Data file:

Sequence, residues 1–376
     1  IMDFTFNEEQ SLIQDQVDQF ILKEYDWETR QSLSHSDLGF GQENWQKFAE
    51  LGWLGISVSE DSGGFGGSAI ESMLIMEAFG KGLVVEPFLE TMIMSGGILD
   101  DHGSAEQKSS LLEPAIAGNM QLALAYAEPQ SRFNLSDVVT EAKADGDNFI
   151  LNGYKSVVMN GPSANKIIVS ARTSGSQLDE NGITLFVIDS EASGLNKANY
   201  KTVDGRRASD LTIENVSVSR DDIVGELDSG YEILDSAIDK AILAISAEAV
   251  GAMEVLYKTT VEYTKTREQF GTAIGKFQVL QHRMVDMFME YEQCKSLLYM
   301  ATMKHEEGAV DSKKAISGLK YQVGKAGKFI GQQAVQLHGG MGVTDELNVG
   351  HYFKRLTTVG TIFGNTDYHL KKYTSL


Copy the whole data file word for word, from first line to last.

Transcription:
Sequence, residues 1–376
     1  IMDFTFNEEQ SLIQDQVDQF ILKEYDWETR QSLSHSDLGF GQENWQKFAE
    51  LGWLGISVSE DSGGFGGSAI ESMLIMEAFG KGLVVEPFLE TMIMSGGILD
   101  DHGSAEQKSS LLEPAIAGNM QLALAYAEPQ SRFNLSDVVT EAKADGDNFI
   151  LNGYKSVVMN GPSANKIIVS ARTSGSQLDE NGITLFVIDS EASGLNKANY
   201  KTVDGRRASD LTIENVSVSR DDIVGELDSG YEILDSAIDK AILAISAEAV
   251  GAMEVLYKTT VEYTKTREQF GTAIGKFQVL QHRMVDMFME YEQCKSLLYM
   301  ATMKHEEGAV DSKKAISGLK YQVGKAGKFI GQQAVQLHGG MGVTDELNVG
   351  HYFKRLTTVG TIFGNTDYHL KKYTSL